There is no such thing as being “good” at yoga. But if there were to be a such thing as being “good” at yoga it would include: practicing regularly, breathing through the entire class, and not comparing yourself to others. It would have nothing to do with how you look while doing the poses. … Even though yoga might appear to be an external practice, it’s really an internal one.
So fuck this noise about yoga being “unable” to accommodate this woman’s “heavy” body. The only thing unable to accommodate this woman’s “fairly heavy” body is Caron’s poor understanding of what yoga is actually about. It seems to me that this new yoga student understands more about yoga simply by showing up, laying down her mat and staying for the entire class even though some skinny white girl wouldn’t stop staring at her.
It makes very little sense to me why Caron makes a direct connection between the woman’s difficulty in class with her race and body shape. The first few yoga classes — hell, the first few months of yoga — are difficult for anyone. The vast majority of these positions are unfamiliar and use muscles that may be extremely tight and underdeveloped. Balance is a big part of yoga and that doesn’t come easy to everyone. Many days, my ability to hold Tree pose ain’t worth a damn.
Some people, regardless of weight, are just more flexible than others. That can remain the case even after years of yoga. Ami is about to have her teacher’s certificate and can’t touch her toes. I can touch my toes, but I have spent the last 15 years trying and failing to get into headstand. I don’t remember how difficult I found my first yoga class, but given that I still find certain yoga classes extremely challenging, I can imagine Caron might have described me as “despairing” if she was stuck by me in class. Except her misunderstood white guilt and white savior complex wouldn’t have inspired her to write an essay about it because I’m not Black and heavy.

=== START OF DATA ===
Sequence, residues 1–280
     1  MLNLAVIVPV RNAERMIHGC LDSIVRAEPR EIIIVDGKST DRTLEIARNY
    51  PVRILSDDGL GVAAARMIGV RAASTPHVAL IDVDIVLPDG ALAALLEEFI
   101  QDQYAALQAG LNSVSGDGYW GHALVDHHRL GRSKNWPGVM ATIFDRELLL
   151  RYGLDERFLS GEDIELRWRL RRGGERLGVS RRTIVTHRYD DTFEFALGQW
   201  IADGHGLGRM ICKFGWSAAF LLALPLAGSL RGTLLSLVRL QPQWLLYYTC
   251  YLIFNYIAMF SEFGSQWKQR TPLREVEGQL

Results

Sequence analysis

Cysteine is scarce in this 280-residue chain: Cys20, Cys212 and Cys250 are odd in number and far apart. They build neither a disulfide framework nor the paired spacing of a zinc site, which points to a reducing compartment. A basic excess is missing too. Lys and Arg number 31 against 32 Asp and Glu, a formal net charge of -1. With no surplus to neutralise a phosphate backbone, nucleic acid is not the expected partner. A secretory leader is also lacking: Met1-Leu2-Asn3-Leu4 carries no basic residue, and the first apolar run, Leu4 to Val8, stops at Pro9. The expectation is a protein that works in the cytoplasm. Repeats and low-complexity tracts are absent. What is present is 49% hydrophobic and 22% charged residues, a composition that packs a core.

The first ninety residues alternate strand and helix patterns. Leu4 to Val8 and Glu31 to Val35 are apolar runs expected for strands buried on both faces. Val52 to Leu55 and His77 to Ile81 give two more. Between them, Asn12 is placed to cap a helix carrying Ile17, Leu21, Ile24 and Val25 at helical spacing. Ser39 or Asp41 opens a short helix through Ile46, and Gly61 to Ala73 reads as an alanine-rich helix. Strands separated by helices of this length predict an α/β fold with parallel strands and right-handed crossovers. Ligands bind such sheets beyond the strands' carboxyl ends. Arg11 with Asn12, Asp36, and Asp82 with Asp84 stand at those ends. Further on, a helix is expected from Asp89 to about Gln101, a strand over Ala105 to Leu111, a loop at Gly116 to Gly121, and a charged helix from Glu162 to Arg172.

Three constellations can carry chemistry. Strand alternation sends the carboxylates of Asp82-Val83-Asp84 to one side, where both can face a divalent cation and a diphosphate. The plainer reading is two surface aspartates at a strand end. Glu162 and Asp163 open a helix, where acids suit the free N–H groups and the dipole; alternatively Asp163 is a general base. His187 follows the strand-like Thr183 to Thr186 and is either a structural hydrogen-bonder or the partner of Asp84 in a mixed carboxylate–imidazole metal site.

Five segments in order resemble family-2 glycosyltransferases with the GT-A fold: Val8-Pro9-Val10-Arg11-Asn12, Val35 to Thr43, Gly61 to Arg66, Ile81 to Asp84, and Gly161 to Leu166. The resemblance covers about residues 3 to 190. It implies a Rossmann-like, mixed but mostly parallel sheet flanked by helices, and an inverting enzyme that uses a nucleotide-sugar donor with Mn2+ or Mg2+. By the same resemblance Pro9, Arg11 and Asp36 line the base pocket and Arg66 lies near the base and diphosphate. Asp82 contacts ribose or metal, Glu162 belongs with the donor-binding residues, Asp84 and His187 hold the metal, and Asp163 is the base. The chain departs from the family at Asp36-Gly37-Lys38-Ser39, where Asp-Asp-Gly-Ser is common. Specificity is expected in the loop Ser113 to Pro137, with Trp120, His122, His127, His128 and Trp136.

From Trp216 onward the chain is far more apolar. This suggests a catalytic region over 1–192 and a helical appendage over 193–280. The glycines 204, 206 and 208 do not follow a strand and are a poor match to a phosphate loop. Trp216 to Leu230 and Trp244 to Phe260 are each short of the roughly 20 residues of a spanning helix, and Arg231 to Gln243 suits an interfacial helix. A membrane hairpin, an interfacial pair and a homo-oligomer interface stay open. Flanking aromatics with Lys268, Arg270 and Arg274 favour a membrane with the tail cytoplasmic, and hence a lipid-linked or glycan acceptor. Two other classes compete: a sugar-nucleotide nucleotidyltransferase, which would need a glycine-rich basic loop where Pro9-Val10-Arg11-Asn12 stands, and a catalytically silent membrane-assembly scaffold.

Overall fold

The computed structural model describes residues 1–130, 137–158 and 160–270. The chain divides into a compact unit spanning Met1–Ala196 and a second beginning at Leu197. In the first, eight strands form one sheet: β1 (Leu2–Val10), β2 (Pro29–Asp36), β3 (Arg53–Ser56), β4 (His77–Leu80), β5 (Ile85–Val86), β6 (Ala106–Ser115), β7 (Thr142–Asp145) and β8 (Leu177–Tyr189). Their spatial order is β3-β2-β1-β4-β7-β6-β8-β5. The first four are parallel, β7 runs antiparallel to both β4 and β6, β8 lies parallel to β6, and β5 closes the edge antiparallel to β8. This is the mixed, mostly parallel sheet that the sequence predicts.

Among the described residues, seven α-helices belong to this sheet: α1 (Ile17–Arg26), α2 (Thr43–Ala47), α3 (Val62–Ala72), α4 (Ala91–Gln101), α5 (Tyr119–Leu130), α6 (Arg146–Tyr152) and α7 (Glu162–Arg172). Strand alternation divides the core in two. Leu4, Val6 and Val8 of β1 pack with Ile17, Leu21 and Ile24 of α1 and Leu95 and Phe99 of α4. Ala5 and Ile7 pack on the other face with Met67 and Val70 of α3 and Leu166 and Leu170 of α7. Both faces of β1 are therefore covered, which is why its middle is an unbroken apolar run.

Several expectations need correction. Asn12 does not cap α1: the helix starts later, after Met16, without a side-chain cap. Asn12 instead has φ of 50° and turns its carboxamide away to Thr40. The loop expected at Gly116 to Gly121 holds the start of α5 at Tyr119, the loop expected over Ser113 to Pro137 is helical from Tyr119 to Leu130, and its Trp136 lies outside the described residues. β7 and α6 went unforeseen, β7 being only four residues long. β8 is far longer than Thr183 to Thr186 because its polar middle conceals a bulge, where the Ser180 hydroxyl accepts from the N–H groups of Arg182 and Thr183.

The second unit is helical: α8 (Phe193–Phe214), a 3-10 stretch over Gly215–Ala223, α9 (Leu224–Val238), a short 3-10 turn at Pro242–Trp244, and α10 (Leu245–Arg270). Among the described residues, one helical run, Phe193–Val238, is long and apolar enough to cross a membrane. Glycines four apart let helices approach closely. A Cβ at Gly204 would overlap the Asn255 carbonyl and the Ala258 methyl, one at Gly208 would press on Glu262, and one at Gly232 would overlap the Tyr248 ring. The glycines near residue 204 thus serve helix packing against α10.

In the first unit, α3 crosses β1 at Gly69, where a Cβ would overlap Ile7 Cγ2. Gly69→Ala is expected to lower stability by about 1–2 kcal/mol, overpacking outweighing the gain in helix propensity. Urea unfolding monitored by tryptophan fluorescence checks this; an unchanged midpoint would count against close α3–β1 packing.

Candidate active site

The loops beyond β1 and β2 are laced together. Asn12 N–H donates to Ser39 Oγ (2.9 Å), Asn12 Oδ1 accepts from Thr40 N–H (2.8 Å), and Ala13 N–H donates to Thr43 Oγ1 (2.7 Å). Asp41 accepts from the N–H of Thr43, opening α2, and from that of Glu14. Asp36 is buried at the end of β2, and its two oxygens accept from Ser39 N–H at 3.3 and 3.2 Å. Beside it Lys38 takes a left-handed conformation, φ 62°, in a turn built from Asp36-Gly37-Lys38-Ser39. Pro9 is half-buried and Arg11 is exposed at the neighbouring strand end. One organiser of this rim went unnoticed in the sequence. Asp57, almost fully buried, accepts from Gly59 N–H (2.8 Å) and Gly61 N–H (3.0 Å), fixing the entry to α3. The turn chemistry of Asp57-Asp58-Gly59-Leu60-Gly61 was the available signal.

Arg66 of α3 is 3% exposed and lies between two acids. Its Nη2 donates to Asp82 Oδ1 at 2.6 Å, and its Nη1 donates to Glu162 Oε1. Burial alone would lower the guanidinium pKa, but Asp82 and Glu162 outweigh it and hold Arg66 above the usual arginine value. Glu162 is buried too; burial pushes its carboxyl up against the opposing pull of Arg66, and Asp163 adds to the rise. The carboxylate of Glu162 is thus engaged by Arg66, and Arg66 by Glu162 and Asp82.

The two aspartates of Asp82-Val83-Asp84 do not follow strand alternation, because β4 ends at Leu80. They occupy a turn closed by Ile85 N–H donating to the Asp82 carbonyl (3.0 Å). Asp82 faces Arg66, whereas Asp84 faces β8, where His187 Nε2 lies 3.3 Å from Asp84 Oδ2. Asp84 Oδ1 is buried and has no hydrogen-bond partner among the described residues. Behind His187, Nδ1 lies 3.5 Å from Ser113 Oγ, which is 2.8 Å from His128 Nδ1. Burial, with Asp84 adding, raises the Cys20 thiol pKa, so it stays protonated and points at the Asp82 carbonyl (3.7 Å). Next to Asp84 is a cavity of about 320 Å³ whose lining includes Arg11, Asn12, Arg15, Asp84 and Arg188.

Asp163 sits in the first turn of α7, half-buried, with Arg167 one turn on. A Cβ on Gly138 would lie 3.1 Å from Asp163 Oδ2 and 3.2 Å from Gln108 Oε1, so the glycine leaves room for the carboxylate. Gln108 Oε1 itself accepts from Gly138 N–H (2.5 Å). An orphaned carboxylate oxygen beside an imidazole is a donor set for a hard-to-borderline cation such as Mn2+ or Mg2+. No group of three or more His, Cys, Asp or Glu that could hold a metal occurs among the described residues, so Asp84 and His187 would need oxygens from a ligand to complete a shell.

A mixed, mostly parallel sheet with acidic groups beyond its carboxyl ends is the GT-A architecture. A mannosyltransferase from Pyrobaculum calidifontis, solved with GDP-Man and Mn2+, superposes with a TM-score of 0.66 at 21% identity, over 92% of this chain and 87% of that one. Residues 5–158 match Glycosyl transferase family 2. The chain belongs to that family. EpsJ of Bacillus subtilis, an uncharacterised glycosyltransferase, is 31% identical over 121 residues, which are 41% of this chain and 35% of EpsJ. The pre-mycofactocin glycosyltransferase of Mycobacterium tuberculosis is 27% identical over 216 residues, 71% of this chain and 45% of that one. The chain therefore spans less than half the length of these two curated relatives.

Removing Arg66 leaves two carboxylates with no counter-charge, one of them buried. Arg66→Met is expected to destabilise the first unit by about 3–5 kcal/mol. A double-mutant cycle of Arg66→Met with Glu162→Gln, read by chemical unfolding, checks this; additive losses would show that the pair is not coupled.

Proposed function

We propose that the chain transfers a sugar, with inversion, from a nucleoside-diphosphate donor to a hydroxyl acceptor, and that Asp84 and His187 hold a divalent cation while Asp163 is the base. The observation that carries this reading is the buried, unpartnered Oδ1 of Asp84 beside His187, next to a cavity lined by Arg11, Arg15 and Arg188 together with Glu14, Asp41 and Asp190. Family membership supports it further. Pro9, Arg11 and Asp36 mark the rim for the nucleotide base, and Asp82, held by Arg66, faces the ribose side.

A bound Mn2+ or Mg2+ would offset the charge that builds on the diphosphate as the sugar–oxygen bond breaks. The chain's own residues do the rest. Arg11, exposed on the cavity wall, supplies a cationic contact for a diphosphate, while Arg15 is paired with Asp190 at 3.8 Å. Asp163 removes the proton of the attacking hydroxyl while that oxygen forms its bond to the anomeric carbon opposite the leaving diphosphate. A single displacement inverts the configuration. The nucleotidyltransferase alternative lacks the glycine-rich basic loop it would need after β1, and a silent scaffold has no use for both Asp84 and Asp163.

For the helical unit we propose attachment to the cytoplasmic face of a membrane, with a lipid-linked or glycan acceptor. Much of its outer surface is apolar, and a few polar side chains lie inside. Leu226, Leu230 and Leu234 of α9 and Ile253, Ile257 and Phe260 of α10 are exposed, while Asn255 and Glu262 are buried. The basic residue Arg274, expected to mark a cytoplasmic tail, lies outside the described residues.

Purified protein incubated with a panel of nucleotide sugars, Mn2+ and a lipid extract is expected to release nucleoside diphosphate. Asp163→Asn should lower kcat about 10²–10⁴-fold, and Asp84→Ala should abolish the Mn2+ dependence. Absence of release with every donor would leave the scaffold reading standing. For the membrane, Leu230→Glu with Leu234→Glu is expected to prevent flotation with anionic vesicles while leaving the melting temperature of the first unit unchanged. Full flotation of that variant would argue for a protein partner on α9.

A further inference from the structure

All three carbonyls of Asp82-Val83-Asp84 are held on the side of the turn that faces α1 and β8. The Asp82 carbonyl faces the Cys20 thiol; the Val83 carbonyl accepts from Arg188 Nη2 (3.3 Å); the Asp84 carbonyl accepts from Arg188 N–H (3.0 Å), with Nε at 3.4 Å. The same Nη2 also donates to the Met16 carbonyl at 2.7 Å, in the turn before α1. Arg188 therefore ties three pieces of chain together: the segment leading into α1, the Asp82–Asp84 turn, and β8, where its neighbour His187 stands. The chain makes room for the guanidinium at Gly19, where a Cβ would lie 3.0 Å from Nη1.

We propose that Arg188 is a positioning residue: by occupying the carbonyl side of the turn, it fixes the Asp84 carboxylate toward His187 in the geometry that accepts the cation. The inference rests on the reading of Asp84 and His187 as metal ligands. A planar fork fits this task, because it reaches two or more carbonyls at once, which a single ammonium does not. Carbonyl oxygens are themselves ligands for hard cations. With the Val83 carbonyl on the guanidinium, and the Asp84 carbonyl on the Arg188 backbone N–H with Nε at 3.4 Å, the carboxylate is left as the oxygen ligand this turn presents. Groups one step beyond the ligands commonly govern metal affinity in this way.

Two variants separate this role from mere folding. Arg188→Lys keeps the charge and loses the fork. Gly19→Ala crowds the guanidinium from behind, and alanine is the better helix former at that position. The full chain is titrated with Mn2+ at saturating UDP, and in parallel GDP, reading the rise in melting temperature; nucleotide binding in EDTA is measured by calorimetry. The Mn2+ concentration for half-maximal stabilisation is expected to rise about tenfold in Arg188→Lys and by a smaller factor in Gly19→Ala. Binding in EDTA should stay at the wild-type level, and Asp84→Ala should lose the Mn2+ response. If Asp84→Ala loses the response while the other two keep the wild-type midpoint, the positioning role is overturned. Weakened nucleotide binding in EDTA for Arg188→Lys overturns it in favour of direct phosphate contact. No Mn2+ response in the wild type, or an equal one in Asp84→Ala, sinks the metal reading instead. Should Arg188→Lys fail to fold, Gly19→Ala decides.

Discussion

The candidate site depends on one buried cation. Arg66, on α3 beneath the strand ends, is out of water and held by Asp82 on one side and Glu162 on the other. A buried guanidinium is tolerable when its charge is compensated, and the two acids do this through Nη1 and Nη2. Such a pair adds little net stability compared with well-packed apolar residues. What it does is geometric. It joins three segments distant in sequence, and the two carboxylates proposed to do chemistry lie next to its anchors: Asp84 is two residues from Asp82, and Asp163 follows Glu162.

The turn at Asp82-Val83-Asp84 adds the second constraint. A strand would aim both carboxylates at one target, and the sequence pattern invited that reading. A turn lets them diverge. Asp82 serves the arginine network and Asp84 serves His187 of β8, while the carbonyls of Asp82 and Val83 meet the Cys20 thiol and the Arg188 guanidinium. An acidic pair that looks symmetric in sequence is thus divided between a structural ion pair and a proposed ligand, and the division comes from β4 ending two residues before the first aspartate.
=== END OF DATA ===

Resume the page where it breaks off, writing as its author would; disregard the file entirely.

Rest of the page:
And she also probably wouldn’t have gone home and cried. Yes, cried.
Yoga, a beloved safe space that has helped me through many dark moments in over six years of practice, suddenly felt deeply suspect. Knowing fully well that one hour of perhaps self-importantly believing myself to be the deserving target of a racially charged anger is nothing, is largely my own psychological projection, is a drop in the bucket, is the tip of the iceberg in American race relations, I was shaken by it all the same.
I can’t emphasize this last point enough: Just because you admit that something you’ve thought is probably self-important psychological projection doesn’t make writing it down and publishing it online any less of an example of self-important psychological projection. By all means, have those thoughts. But publishing them on the internet doesn’t validate them. Caron strikes me as young and self-absorbed, who also might be described as someone who “means well.” If she is, she’ll read, think about and learn from the thousands of responses her essay has received (99 percent of them echoing sentiments similar to my own, in a variety of smart and hilarious ways). And the next time she sees someone struggling in yoga class, she’ll just introduce herself instead of writing another “It Happened To Me” that makes baseless assumptions about what has happened to someone else.